What’s the real cost of growing your own food? This is a loaded question with a lot of answers. You’ll have to spend some initial cash to set up a garden, but ultimately, it can be as expensive as you want it to be. Here’s a breakdown of the costs to expect when setting up a garden to grow your own food.
The real cost of growing your own food
Let’s start with the basics. These are the things you absolutely need to grow food—the bare minimum required involves:
- Soil. You can get this for free if you’re digging up in-ground beds. The cost goes up if you plan on DIY-ing raised beds or buying pre-fab containers. The benefit of in-ground beds is that they’re free to install. But they do require some manual labor. Also, not everyone has high-quality soil on their property. Starting a garden in very poor soil can actually end up costing you more in the long run because you’ll need to add nutrients and work hard to improve fertility. In some cases, DIY or storebought beds are a better, more economical option.
- Seeds. Obviously, you can’t start an edible garden without seeds! Buying starter plants from a nursery is a possibility, but you’ll get way more bang for your buck with a packet of seeds. On average, a packet of seeds typically costs less than $5, depending on the variety. And most packets include enough seeds to grow many plants.
- Water. The cost of water depends on where you live. Where I’m located, water is free to use with minimal restrictions when it comes to gardening. But I’m also cognizant that wasting it has a huge impact on the environment. Cost analysis doesn’t just involve factoring in real $$$ but the potential for harm. In some places where drought is an issue, the cost of growing your own food involves calculating the cost of water.
- Light. If you’re growing outdoors, sunlight is free! Yay!
- Nutrients. Even if you start with perfectly fertile soil, you’ll need to feed your plants and replenish the soil at some point. Starting a compost pile involves minimal costs, but it can take a while for organic matter to break down. If you don’t want to start a pile, check with your town. Many municipalities give away free compost to interested citizens. Some farms also share compost for a small fee.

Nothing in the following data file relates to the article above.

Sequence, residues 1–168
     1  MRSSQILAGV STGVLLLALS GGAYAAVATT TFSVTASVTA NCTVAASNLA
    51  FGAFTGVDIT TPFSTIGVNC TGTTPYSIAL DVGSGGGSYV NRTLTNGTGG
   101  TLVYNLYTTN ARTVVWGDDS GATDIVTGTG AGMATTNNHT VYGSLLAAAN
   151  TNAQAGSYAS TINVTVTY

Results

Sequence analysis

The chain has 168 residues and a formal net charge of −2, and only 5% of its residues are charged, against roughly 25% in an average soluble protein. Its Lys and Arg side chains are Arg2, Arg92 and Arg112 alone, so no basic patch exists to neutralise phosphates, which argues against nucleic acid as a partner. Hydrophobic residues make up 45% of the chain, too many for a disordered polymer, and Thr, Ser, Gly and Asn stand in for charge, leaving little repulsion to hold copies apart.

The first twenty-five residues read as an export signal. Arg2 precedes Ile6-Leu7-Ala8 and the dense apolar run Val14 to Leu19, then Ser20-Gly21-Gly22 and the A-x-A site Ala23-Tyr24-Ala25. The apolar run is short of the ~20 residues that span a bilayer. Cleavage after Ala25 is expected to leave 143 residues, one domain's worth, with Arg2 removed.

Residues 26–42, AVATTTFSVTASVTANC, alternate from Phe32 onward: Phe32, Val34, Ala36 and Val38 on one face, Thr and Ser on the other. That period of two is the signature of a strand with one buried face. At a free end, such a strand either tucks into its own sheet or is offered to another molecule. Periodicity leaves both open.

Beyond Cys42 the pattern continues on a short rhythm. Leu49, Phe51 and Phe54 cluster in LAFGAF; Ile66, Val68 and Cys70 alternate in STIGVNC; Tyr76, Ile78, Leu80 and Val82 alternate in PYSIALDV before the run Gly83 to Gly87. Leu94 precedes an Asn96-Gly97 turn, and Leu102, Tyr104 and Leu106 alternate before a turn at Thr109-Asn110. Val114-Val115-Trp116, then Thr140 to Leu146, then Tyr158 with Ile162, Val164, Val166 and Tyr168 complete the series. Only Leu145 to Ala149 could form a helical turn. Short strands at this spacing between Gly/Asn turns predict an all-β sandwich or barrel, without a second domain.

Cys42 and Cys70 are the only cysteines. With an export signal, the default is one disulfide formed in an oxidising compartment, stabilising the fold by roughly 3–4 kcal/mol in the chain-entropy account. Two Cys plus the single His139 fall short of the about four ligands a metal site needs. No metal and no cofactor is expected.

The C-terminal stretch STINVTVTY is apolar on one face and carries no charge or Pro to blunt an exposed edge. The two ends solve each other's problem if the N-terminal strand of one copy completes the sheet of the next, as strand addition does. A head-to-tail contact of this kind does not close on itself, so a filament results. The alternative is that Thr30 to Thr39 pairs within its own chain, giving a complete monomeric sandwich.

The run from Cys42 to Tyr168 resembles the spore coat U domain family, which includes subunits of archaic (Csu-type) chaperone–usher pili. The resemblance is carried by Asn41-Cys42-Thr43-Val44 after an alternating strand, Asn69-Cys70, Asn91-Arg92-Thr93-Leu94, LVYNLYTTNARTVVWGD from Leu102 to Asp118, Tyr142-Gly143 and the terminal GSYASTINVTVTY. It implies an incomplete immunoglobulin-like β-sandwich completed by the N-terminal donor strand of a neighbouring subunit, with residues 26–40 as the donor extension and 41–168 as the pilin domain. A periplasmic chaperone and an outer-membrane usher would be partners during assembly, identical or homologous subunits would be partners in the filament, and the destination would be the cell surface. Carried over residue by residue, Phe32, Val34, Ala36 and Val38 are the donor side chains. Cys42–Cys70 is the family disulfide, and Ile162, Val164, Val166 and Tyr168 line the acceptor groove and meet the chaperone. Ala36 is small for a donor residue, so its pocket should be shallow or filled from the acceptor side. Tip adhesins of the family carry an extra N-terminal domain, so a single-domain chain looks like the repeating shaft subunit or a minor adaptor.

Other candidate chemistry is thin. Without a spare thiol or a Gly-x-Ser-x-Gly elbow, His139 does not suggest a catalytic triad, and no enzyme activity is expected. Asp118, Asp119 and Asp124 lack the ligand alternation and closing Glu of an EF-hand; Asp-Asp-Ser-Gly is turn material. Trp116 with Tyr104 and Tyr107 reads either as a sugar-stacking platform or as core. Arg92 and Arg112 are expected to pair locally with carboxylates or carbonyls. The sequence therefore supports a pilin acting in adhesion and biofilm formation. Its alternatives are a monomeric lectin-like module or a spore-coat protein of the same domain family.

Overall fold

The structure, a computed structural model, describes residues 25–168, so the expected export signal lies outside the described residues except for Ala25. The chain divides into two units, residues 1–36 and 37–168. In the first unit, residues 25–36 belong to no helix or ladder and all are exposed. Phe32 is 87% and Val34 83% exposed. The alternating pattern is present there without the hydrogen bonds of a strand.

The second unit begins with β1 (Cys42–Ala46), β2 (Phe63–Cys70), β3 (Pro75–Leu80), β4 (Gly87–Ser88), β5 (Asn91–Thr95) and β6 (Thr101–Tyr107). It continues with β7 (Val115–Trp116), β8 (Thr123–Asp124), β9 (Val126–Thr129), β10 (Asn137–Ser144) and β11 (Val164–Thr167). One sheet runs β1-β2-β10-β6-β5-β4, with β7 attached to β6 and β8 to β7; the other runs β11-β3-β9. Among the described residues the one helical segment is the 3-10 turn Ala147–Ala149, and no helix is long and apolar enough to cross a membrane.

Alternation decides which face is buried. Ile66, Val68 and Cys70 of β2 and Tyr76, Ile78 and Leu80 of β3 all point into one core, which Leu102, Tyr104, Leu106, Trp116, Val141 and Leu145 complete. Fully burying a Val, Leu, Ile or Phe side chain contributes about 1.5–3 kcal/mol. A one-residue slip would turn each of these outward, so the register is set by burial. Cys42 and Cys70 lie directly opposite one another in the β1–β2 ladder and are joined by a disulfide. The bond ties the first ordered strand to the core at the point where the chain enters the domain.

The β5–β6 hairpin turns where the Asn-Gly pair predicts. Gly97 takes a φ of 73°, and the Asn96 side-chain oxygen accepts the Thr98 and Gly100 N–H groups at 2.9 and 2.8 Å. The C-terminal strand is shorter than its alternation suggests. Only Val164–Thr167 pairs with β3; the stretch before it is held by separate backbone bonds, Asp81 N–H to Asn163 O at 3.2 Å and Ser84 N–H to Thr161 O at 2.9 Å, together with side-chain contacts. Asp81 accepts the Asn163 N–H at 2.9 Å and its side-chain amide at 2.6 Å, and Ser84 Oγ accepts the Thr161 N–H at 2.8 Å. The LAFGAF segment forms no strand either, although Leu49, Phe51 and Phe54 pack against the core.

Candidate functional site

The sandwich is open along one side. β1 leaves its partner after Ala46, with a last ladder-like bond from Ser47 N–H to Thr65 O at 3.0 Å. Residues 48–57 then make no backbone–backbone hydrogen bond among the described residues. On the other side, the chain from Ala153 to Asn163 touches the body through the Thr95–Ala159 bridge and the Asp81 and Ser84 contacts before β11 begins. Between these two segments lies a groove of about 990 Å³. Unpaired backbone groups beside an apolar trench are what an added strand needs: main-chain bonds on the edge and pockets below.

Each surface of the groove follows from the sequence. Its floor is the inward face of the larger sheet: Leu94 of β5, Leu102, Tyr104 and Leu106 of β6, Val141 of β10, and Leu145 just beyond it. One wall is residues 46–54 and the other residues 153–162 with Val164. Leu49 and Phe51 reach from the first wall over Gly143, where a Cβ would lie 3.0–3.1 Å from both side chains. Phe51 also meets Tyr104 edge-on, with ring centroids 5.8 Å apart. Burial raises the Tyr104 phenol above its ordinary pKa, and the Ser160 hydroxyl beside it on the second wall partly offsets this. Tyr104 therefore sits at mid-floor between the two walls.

Oher costs of growing your own food
If you only factor in the basics, you’ll conclude that growing your own food is ultra-cheap. But gardening also involves a lot of challenges and unexpected events. Pests, for instance, can quickly turn a gorgeous edible garden into a leafy patch full of holes. Last year, I spent money on pest covers. I didn’t anticipate needing to do this, but it was an additional cost I had to factor into my budget.
Are there any other real costs of growing your own food? You betcha!
When someone asks me about the real cost of gardening, I make sure to mention the time aspect. Consider the time and effort you put into your garden as a type of cost. A garden doesn’t just produce food that ends up automatically onto your plate. You need to harvest and prep ingredients once they’ve matured. You need to be willing to put in the time and effort. And in today’s modern world, time and effort often go hand in hand with $$$.
Steph Coelho is a freelance writer gardening in zone 5b. She is a certified Square Foot Gardener and has taught various garden-related workshops. When she’s not digging in the dirt or writing, she’s cooking up fresh produce, running, or listening to her favorite podcasts.
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